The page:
whole dispute falls within it.56 This is not very satisfactory. Whether a dispute
in substance raises an excluded matter is often dependent on national law
rules of procedure (such as pleading) and on which party raises the claim or
defence. Such distinctions do the law no service. In addition, the CJEU has
interpreted the exclusions narrowly where possible in order to give the greatest
effect to the Brussels I Regulation.57

ii. Expressed exclusions


(a) The status or legal capacity of natural persons, rights in property arising
out of a matrimonial relationship, wills and succession. Thus cases principally
concerning the voidability of marriages, dissolution of marriages, whether
someone is considered to have died, and the custody or adoption of children
are all excluded. So too are disputes over property where the ownership is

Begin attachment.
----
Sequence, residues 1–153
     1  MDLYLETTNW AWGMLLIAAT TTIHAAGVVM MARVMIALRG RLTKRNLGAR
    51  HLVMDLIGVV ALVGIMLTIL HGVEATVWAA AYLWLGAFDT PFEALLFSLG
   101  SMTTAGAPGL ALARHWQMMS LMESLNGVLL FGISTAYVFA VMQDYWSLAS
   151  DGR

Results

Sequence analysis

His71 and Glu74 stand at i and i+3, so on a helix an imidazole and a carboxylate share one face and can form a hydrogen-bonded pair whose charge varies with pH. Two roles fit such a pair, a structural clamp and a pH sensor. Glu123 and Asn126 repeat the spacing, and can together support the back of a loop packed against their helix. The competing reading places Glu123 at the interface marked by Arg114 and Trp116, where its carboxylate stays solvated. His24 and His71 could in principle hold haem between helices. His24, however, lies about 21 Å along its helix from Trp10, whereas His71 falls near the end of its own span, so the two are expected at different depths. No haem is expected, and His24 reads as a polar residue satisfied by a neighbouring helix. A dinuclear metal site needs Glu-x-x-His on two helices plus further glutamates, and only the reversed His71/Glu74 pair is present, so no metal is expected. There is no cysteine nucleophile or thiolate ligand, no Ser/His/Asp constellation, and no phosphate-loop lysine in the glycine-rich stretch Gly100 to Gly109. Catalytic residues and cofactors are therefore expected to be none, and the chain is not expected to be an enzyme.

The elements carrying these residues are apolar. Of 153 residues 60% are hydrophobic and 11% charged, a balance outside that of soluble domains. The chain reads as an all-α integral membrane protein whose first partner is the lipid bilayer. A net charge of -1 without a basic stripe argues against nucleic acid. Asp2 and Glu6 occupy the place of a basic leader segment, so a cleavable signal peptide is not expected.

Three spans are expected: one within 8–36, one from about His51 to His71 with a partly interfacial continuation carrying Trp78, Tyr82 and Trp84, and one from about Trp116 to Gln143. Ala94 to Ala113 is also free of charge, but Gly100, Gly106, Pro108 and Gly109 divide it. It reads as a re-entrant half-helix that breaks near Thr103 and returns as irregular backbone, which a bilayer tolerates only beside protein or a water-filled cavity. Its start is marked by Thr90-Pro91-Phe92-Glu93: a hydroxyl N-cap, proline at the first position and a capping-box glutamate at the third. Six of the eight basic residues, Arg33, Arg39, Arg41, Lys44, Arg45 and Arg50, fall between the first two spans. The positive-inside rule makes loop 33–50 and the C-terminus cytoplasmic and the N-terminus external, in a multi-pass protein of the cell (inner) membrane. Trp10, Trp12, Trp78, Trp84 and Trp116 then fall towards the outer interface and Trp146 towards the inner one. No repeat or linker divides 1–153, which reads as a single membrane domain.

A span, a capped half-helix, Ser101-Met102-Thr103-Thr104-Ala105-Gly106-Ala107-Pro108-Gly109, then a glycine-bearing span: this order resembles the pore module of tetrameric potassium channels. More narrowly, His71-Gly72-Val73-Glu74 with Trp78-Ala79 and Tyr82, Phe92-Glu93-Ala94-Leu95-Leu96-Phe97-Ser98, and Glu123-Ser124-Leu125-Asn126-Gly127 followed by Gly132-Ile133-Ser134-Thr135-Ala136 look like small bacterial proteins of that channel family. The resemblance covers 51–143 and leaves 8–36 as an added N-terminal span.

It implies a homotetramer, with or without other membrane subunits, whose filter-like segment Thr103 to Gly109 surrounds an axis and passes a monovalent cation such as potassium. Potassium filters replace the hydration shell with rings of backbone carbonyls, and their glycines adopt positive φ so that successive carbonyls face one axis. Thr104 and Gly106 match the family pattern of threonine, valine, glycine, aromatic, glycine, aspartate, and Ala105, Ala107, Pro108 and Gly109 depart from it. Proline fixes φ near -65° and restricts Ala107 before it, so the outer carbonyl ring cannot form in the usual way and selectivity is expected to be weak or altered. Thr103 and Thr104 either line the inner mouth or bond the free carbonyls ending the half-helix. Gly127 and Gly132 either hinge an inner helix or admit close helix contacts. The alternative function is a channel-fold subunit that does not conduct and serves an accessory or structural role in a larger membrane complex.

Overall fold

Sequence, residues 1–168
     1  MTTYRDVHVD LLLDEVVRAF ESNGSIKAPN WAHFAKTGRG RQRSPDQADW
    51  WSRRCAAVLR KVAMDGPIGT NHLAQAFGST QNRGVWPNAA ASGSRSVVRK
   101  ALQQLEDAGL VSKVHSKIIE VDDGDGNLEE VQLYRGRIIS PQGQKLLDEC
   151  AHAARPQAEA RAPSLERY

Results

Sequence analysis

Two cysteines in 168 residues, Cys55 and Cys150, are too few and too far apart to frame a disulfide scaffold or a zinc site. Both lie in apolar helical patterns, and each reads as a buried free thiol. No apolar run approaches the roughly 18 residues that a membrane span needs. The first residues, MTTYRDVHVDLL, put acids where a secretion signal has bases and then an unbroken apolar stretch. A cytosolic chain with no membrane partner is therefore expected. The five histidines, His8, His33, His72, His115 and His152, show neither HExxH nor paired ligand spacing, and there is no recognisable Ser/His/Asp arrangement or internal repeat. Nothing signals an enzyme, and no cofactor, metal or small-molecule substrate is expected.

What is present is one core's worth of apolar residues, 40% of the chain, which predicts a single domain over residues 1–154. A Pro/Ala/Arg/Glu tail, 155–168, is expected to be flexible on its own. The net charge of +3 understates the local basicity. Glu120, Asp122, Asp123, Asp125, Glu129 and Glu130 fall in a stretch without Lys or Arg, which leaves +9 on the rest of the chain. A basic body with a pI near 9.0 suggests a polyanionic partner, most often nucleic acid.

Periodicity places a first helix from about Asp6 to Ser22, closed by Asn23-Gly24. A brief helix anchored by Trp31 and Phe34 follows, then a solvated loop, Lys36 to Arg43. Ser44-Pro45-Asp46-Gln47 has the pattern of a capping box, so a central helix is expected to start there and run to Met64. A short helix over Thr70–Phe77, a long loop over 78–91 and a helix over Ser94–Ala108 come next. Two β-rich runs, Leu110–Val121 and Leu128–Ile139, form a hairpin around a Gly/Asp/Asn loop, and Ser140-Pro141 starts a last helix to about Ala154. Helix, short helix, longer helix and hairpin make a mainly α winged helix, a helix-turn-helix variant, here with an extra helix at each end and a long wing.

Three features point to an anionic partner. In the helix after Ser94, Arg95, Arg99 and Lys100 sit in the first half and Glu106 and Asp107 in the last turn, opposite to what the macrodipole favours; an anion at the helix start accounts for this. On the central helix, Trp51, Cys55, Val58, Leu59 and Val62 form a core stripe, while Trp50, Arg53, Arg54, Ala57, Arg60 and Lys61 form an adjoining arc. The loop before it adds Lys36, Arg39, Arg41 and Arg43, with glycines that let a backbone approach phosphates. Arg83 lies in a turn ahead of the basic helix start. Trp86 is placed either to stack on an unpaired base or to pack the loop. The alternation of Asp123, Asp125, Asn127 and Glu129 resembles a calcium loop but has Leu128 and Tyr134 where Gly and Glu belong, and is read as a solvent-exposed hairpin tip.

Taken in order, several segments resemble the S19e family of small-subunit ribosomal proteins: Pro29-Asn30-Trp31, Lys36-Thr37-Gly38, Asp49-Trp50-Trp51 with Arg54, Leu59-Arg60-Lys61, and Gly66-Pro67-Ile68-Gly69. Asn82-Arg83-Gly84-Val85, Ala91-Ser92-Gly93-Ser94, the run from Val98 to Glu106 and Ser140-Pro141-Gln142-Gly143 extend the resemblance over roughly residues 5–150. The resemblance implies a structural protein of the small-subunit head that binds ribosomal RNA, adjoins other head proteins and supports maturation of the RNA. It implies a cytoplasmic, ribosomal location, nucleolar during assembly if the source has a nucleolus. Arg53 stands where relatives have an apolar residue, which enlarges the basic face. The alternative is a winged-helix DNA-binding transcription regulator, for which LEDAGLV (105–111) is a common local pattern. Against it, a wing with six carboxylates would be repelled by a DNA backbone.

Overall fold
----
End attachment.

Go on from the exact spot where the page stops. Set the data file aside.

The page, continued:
affected by a marriage, such as disputes over community property regimes.
Recognition and enforcement of judgments from Member States relating to
divorce and parental responsibility fall within Brussels IIbis.58 Cases which
determine questions of maintenance59 in family matters are now completely
excluded from the Brussels I Regulation by the Maintenance Regulation for all
cases commenced after 18 June 2011.60 These Regulations should make the
exclusion in Article 1(2) clearer.61 However, it is only property rights arising
out of a matrimonial relationship which are excluded from the Brussels
I Regulation, proceedings which concern property of individuals who happen
to be married to one another may fall within the Regulation.62 England does
not have a community property regime affecting property held under a
matrimonial relationship but civilian law countries may take a different view.

56

57
58

59

60

61

62

See too Allianz SpA, Generali Assicurazioni Generali Spa v West Tankers Inc. (The Front